## Research Area: Algebraic Topology

**My research field (from a global point of view)**: *Topology* is in the realm of geometry and it deals with more abstract and general figures in the study. The two-dimensional sphere, which is a kind of manifolds (beautiful figures), is a geometrical object. One might be concerned with the shape and bend. However, in topology, even the dimension collapses if the sphere has a hole. Two spaces are called *homotopy equivalent* if one can be deformed continuously to another. For example, the real line is homotopy equivalent to the set of singleton and the circle is not crushed in the sense of topology. While the definitive aim of topology is to classify spaces under homotopy equivalence, it is fairly difficult to make it in general. As good news for the purpose, we can use effective homotopy/topological invariants, namely, homotopy groups, (co)homology groups and those endowed with more additional structures. The invariants convert geometrical information to algebraic one. Thus one can know the difference between given two spaces if values of their homotopy invariants are distinguished in the framework of algebra.

**General tools/concepts for the study**: In order to consider the invariants uniformly, and to compare them, we appeal to *category theory*. The theory was invented by S. Eilenberg and S. Mac Lane in the early 1940s. It builds many bridges between topology and algebra. A category consists of objects which we deal with, and morphisms, each of which is an arrow form an object to another. Roughly speaking, in a category, objects and morphisms are regarded as words and grammar, respectively. In order to understand different languages, we need to translate words and sentences. Such a translator is called a *functor* between two categories. A *natural transformation* which connects two functors is also one of important concepts in category theory. These notions are displayed as follows with categories \(C\) and \(D\).

Devises, tools and concepts such as functors and natural transformations are widely applicable to mathematical sciences. (For example, the program language Haskell respects categorical manners in the construction.) I suppose that category theory waits for its aggressive application to science and technology.

Going back to my research, various invariants mentioned above are indeed functors. Natural transformations assume the comparison of invariants. Thus category theory does work well in topology and algebra since the abstract theory have been coined aiming its applications to different research fields under a common language.

**Research subjects**: I) String topology: My recent work concerns *string topology* in which one obtains interesting algebraic structures on the homology groups of the free loop spaces of manifolds and related spaces. The $(1+1)$-dimensional topological quantum field theory structure, which appears in a functor category with the cobordism category of circles as the domain, enriches the homology and then string topology. With collaborators, I have given explicit formulae for string operations.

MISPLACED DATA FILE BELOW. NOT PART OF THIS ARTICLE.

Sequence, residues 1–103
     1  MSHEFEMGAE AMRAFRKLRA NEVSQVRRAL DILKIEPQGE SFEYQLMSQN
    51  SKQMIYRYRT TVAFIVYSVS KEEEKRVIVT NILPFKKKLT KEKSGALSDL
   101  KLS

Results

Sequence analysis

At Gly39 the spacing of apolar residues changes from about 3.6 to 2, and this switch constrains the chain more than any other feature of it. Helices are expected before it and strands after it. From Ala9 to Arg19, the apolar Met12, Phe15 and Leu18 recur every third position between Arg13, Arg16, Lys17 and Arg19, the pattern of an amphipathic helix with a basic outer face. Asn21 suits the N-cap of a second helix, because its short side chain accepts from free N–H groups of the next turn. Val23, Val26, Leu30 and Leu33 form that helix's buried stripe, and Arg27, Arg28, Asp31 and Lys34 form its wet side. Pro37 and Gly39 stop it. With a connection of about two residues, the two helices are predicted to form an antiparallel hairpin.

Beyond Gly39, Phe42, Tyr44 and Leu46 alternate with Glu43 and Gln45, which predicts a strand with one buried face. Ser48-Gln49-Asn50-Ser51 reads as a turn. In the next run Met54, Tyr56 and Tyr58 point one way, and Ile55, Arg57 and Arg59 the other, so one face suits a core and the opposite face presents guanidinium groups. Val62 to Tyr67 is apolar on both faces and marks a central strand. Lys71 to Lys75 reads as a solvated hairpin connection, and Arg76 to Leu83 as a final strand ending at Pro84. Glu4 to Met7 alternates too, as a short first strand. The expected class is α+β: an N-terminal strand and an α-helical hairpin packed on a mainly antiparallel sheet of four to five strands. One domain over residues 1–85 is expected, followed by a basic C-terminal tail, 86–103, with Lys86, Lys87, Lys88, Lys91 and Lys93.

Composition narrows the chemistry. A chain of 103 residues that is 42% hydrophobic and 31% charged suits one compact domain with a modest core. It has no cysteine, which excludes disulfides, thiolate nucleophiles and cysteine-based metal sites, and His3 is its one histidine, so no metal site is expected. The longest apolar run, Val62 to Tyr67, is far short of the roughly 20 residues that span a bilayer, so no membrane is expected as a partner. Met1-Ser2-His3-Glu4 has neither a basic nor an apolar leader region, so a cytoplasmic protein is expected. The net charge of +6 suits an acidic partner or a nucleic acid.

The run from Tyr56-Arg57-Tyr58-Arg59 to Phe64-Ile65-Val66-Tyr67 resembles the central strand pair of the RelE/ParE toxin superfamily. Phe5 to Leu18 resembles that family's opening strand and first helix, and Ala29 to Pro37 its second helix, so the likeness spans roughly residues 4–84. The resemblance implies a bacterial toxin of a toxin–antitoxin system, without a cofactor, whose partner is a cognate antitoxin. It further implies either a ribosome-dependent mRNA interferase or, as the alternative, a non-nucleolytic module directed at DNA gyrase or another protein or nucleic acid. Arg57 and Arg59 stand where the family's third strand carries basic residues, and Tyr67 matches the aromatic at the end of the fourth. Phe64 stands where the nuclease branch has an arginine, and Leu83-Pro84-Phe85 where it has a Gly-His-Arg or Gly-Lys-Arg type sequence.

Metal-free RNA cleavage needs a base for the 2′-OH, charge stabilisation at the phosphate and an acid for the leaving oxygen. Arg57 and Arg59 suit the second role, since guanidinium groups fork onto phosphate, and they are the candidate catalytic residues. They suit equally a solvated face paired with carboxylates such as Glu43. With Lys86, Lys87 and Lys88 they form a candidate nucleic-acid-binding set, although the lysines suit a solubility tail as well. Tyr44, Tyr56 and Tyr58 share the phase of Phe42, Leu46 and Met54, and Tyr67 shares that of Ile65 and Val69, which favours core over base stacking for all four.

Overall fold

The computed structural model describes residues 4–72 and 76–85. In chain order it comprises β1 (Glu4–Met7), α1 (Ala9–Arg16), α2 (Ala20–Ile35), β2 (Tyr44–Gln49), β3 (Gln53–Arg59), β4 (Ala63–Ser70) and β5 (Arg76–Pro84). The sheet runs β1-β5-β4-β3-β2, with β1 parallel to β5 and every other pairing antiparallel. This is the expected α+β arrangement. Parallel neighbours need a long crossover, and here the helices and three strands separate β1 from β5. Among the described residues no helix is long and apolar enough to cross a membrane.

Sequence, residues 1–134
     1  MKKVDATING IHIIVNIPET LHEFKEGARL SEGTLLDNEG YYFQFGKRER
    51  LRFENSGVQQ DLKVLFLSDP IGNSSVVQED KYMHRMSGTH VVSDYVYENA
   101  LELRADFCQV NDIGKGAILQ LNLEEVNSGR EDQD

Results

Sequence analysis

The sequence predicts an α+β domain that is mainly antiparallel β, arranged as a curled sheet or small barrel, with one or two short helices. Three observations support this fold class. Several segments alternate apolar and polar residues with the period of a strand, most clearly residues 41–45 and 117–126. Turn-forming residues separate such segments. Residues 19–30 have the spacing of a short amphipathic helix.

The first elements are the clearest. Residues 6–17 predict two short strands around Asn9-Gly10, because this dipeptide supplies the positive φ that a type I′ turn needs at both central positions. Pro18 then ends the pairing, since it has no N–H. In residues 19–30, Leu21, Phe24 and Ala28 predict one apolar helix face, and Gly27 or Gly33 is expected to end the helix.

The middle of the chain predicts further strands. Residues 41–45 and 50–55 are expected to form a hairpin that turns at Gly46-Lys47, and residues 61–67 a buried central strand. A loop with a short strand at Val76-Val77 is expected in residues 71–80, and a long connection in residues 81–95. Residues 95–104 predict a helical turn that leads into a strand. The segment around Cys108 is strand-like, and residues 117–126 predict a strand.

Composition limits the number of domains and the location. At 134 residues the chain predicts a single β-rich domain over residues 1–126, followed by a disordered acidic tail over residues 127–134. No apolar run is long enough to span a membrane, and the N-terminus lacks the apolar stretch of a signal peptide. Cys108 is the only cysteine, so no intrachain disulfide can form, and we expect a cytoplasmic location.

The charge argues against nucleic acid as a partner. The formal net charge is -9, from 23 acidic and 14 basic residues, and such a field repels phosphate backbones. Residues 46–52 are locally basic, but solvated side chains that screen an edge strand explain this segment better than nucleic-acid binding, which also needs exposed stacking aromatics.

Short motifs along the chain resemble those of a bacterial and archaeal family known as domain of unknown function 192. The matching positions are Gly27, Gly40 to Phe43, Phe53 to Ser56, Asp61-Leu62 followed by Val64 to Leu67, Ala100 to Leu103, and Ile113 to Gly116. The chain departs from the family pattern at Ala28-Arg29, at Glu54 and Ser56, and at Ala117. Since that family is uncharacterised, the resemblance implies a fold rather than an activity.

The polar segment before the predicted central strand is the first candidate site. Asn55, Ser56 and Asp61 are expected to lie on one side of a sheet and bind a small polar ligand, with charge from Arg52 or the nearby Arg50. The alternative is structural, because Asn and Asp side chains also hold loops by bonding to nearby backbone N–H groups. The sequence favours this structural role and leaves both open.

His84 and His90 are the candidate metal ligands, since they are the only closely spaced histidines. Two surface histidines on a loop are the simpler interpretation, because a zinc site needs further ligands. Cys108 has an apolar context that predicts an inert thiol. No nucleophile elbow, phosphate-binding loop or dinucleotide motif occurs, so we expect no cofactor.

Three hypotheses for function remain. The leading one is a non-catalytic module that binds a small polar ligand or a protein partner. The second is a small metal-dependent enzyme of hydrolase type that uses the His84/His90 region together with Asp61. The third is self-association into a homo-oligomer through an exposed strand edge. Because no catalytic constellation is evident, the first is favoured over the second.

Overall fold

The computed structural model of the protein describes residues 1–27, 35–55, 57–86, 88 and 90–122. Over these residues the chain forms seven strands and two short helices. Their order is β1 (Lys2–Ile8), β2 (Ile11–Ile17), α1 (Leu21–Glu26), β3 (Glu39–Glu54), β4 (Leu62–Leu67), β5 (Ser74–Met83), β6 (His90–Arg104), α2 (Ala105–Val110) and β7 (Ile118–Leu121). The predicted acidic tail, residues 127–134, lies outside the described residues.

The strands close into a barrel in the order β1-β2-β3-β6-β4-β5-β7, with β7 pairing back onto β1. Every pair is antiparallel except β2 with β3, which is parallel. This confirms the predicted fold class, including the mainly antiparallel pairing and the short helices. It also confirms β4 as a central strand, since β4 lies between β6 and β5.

Equivalences in the cobordism category

II) Schemoids: An association scheme (AS) captures combinatorial structure for a partition of the cartesian product of a set with itself. The notion plays a crucial role in algebraic combinatorics, including the study of designs and graphs, and in coding theory. We have been interested in developing such a combinatorial object in the framework of category theory. Then the notion of a *schemoid* has been proposed by the author with his collaborators as a generalization of ASs from a small categorical point of view. We apply aggressively representation theory of algebras, homotopy theory of small categories and topos in the study of schemoids.

III) Diffeology: *Diffeological spaces* are comparatively new research objects introduced by J.-M. Souriau in the early 1980s. The notion has strongly inspired me. In fact, the category $\mathsf{Diff}$ of diffeological spaces allows us to investigate simultaneously manifolds and their function spaces in the notion without introducing more complicated structures. A new project in my research has started with diffeology.

This essay is concluded with my favorite diagram consisting of categories and functors. The diagram below explains that the category $\mathsf{Diff}$ is connected to other four categories with very exiting functors. Thus $\mathsf{Diff}$ is suited in a strategically important location of our study.

Here $\mathsf{Mfd}$, $ \mathsf{Stfd}$, $\mathsf{Sets}^{\Delta^{op}}$ and $\mathsf{Top}$ denote the categories of manifolds, stratifolds, simplicial sets and topological spaces, respectively. Adding the category of algebras, these categories will expand further diffeological worldview.

I hope that you enjoy and study diffeology from geometrical, topological, algebraic and categorical points of view with us.